The LA Times reports on the possible ramifications of the Wells Fargo false accounts scandal in light of the U.S. Supreme Court’s recent decision to allow mortgage discrimination cases against Wells Fargo and other bank giants to proceed. Noting that the Supreme Court decision is “more than just another bad headline” for Wells Fargo, the Times observes that the unauthorized accounts fraud — especially in light of Wells’ own admissions about its causes with respect to internal bank oversight — bolsters claims by cities and municipalities that Wells improperly steered minority home buyers into pricier mortgages than white buyers.

In lawsuits across the country, the cities are arguing that such bank practices contributed to thousands of foreclosures and attendant city blight, which decimated city property tax incomes and further strained public resources. Several of those cases, including the recently-filed case in Philadelphia, call out a report Wells Fargo itself commissioned that found the banks ongoing practice of opening unauthorized accounts persisted for years “because of a lack of proper oversight by executives and internal compliance officers.” Attorneys argue that same lack of oversight may well have contributed to ongoing mortgage discrimination, where Wells Fargo steered minority customers into mortgages more expensive than those offered to white borrowers with similar credit ratings.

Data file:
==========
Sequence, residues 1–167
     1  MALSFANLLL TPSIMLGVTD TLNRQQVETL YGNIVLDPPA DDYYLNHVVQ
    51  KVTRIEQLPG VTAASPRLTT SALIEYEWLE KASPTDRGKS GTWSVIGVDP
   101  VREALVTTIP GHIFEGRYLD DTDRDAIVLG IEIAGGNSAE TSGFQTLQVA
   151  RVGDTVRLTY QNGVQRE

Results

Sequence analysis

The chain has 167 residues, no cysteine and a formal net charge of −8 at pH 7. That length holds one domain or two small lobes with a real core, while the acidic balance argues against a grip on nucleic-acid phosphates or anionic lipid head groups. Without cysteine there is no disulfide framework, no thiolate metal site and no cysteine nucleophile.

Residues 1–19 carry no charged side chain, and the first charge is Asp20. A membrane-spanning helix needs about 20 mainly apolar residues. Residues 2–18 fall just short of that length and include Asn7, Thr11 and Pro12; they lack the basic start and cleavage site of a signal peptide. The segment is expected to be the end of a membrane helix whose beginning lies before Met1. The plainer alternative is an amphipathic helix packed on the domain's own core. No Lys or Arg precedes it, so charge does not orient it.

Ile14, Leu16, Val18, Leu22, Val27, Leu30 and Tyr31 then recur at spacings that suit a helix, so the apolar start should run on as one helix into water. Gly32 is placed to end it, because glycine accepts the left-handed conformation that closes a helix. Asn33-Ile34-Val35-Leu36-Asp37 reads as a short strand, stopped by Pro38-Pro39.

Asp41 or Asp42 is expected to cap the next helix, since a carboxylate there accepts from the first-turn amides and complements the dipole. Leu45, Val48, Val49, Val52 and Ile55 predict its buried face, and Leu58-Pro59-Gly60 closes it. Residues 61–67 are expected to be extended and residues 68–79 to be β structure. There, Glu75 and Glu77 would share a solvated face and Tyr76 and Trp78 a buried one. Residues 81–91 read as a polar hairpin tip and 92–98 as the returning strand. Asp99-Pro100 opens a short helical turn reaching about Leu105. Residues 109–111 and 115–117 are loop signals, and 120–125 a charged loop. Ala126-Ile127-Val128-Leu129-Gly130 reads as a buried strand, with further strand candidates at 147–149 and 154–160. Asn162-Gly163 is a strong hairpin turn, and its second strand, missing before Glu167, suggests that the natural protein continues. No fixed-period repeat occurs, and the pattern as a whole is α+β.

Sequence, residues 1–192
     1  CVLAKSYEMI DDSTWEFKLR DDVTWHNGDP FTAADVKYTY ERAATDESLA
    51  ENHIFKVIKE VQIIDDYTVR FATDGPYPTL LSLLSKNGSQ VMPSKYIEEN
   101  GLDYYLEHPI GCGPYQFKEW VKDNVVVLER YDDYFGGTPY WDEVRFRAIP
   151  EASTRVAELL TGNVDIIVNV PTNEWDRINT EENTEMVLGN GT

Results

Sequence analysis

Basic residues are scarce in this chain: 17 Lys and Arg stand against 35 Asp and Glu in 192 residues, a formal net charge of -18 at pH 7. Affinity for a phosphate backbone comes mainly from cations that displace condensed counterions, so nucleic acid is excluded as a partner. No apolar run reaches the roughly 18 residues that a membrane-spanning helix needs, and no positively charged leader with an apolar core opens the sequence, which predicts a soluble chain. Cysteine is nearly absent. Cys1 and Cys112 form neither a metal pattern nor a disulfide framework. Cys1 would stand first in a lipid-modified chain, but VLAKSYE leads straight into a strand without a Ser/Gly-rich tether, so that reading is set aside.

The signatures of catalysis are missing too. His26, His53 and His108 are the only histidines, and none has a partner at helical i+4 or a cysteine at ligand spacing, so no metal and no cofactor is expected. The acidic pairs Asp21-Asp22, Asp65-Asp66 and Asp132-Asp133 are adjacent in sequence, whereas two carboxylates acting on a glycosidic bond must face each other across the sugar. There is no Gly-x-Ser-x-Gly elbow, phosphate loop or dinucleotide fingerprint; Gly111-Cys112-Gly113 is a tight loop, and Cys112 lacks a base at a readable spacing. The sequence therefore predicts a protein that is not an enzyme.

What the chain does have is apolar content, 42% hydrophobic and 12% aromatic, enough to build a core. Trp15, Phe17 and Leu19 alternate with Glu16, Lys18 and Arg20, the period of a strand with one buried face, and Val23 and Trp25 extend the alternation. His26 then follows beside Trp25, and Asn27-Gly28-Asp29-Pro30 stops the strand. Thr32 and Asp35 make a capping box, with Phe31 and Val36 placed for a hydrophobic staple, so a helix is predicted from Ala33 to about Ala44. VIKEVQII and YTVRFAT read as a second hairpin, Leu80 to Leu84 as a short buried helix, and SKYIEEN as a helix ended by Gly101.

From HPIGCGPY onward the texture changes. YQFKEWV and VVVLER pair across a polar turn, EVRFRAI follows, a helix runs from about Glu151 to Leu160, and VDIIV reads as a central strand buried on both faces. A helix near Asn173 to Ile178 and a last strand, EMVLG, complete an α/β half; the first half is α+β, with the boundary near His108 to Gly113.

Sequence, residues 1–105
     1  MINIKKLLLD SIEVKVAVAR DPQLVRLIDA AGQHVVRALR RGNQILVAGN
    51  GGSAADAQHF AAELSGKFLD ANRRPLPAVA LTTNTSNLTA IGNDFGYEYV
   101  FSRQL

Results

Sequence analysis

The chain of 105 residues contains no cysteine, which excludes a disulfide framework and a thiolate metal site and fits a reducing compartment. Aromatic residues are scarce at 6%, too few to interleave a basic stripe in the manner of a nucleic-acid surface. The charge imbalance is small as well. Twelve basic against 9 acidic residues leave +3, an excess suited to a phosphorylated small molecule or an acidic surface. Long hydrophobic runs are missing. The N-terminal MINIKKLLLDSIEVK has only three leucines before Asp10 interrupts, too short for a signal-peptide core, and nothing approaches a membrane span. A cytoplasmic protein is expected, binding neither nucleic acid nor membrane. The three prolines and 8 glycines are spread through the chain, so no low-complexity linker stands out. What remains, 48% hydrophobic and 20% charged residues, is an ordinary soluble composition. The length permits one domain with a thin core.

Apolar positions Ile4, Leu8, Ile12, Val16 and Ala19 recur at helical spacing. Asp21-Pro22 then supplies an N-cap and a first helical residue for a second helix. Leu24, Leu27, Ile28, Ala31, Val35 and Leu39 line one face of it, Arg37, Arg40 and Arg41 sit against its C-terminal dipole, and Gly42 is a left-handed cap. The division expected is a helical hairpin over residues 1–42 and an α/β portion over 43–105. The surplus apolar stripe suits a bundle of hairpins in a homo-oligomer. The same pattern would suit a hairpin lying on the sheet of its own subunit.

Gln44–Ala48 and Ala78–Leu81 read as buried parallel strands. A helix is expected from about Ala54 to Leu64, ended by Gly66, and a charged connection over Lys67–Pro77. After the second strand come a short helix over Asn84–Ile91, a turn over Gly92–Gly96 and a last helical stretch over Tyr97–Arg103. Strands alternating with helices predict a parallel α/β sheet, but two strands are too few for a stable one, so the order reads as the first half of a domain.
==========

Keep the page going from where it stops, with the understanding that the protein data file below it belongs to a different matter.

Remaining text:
Joel Liberson, one of the team of attorneys representing Miami, Philadelphia, and other cities in the mortgage discrimination cases, pointed out that better management and controls at Wells could have prevented such problems. “The practices and policies that led to looking the other way when it came to opening bank accounts and credit cards are the same practices and policies that may very well have given rise to discriminatory mortgage practices.” A key element of the cities’ argument, Liberson said, is that both the accounts scandal and the allegations of mortgage discrimination stem from a poorly supervised system of incentives that promoted unethical behavior.

“It’s one thing to say you had a business that was issuing unlawful products,” Liberson notes. “But one of the important questions a judge or jury is going to want to know is, why did that happen? How did that happen? What allowed it to happen? Those are important questions to answer.”

Read the full article on the LA Times website.